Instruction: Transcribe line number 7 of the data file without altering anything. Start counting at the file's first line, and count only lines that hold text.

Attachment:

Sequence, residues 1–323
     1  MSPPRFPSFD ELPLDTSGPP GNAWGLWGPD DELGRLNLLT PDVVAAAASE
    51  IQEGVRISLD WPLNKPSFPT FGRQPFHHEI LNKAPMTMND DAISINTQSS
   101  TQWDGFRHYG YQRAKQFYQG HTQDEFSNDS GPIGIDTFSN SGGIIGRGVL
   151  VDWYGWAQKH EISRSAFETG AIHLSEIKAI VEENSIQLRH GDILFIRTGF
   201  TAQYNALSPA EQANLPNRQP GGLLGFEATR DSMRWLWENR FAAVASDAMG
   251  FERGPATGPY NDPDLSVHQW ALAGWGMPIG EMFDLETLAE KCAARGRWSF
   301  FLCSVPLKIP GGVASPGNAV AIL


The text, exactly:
   251  FERGPATGPY NDPDLSVHQW ALAGWGMPIG EMFDLETLAE KCAARGRWSF